The New York Times has a piece up about the efforts by and Israeli company (the story was first broken by The Guardian Observer) to dig up dirt on Obama administration officials who worked on the Iran deal:
For years, opponents of the nuclear deal with Iran have accused Benjamin J. Rhodes, a top national security aide to President Barack Obama, of scheming to sell the diplomatic agreement on false pretenses to the American people.
Now, just as President Trump appears likely to announce his decision to withdraw from the deal, evidence has surfaced that the agreement’s opponents engaged in a sophisticated effort to dig up dirt on Mr. Rhodes and his family that continued well after the Obama administration left office.
A detailed report about Mr. Rhodes, compiled by Black Cube, a private investigations firm established by former intelligence analysts from the Israel Defense Forces, contains pictures of his apartment in Washington, telephone numbers and email addresses of members of his family, as well as unsubstantiated allegations of personal and ethical transgressions….
It is unclear who hired Black Cube to prepare the report on Mr. Rhodes and a similar report on Colin Kahl, the national security adviser to Vice President Joseph R. Biden Jr., which were obtained by The New York Times from a source with knowledge of their provenance.
The Guardian, which first published the existence of the reports on Mr. Rhodes and Mr. Kahl, said aides to Mr. Trump hired the firm, but there is no evidence in the documents that indicate any connection to anyone in Mr. Trump’s administration. A spokesman for the company vehemently denied any connection to the president.
The latest from The Guardian on another person targeted by the Black Cube operation: Iran deal: prominent backer says he was warned of Trump bid to discredit him.
A prominent Iranian-American supporter of the Iran nuclear deal says he was warned by US intelligence during the presidential transition that his communications would be targeted by the Trump camp in a bid to discredit him….
Trita Parsi, the president of the National Iranian American Council (NIAC), was also the target more recently of an Israeli private security company, Black Cube, aimed at gathering personal information about the deal’s advocates among senior figures from the Obama administration.
The Guardian has obtained the transcript of an interview with Parsi conducted last summer by an operative working for Black Cube posing as a journalist, probing him for any ways Ben Rhodes and Colin Kahl – top foreign advisers to Barack Obama and his vice-president, Joe Biden – might have benefited from the 2015 agreement, in which Iran received sanctions relief in return for accepting strict curbs on its nuclear programme.
“I thought it was strange that he was pushing this financial angle, which I hadn’t heard before,” Parsi recalled.
According to the transcript of the interview, conducted in the early summer last year, he told the interviewer that, far from reaping rewards, US companies on the whole were frustrated that they were getting nothing from the 2015 deal, known as the Joint Comprehensive Plan of Action (JCPOA). Despite the unusual line of questioning, Parsi thought no more about the interview until the transcript was read to him over the weekend.
Read the rest at the link. I have a feeling we are going to keep learning more about this story and I predict it will be connected to Trump.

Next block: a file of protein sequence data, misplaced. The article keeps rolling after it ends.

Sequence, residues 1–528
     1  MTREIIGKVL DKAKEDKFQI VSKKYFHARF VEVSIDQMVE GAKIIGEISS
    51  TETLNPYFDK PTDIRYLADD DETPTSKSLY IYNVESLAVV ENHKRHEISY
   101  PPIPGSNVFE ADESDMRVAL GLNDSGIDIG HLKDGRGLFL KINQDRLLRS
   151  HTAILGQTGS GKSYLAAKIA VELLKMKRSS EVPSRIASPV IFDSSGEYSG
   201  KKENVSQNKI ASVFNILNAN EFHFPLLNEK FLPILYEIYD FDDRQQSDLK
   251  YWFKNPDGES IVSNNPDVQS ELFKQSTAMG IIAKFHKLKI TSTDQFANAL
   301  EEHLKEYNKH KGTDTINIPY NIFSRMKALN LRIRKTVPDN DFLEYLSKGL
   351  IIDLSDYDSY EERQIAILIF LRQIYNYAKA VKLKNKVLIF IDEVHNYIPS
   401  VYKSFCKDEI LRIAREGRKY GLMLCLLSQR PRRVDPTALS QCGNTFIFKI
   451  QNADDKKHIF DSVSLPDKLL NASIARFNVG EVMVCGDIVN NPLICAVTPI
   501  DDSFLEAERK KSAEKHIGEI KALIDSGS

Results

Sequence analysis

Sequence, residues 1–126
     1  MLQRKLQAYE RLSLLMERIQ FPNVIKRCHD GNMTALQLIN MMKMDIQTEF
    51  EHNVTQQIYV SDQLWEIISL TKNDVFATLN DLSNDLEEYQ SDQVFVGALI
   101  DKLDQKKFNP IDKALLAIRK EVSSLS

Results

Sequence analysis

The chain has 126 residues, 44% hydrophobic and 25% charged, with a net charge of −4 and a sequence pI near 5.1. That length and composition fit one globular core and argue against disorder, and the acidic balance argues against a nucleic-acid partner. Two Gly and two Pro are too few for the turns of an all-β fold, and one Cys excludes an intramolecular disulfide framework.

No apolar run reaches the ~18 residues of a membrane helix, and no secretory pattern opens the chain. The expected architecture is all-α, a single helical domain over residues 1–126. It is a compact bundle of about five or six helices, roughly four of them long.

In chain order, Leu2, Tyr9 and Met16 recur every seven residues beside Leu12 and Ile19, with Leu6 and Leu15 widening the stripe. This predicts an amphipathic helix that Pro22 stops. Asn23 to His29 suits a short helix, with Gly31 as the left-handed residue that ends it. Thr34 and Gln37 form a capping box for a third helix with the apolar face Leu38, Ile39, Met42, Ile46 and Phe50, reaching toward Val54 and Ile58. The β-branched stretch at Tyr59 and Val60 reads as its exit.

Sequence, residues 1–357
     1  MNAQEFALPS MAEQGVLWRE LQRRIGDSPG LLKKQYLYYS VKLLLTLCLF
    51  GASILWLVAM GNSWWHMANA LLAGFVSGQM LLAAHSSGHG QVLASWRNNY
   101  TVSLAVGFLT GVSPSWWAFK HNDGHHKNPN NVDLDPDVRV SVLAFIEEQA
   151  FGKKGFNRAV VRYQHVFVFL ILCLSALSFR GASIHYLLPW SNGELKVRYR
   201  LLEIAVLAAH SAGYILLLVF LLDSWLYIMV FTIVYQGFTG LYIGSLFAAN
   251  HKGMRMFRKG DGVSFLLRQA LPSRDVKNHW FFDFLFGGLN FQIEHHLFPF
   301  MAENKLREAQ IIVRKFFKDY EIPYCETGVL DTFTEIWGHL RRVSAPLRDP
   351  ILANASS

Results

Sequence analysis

I have the feeling we’re going to hear more about Trump’s payoffs of women too. Take a look at this interesting piece at New York Magazine: Here’s a Theory About That $1.6 Million Payout From a GOP Official to a Playboy Model.
On May 2, Rudy Giuliani revealed that the Trump administration has been lying for months about the fact that Donald Trump reimbursed his personal attorney Michael Cohen for the $130,000 he fronted to buy porn star Stormy Daniels’s silence about her affair with Trump. Until then, Trump had been claiming that he didn’t know about any settlement, and that he hadn’t had a sexual liaison with Daniels. (The official White House line continues to be that Daniels is lying about having sex with Trump, but almost no one believes this.) Giuliani has claimed that Trump gave him the okay last week to contradict several months’ worth of denials, by revealing Trump’s payments to Cohen.
In journalism this is known as getting out in front of a story. After federal law-enforcement officials raided Cohen’s office on April 9, they surely had documentary evidence of these financial transactions, which meant it was inevitable the truth would eventually come out.
We should consider the strong possibility that the same tactic — i.e., shameless, baldfaced lying — may have played a role in the exposure of yet another Trump-related sex scandal. The Wall Street Journal published a story on April 13 revealing the existence of another nondisclosure agreement involving an affair between an adult entertainer and a client of Cohen’s. The NDA employed the pseudonyms David Dennison and Peggy Peterson — the same names used in the Stormy Daniels NDA — and was otherwise very similar to the Trump-Daniels agreement.
According to this newly revealed NDA, Dennison agreed to pay Peterson $1.6 million, in exchange for Peterson’s promise not to reveal the affair or her claim that Dennison had impregnated her. This NDA, like the Trump-Daniels document, was negotiated by attorneys Keith Davidson, on behalf of Peterson, and Michael Cohen, on behalf of Dennison. Payments were also delivered through Essential Consultants LLC, the same LLC created by Cohen to facilitate payments in the Stormy Daniels deal.
But supposedly Cohen took care of this problem for GOP fundraiser Elliott Broidy. Could it be that Broidy took the fall for Trump for some reason? I’ve certainly suspected as much. Read on at the New York link.
Now, what stories are you following today?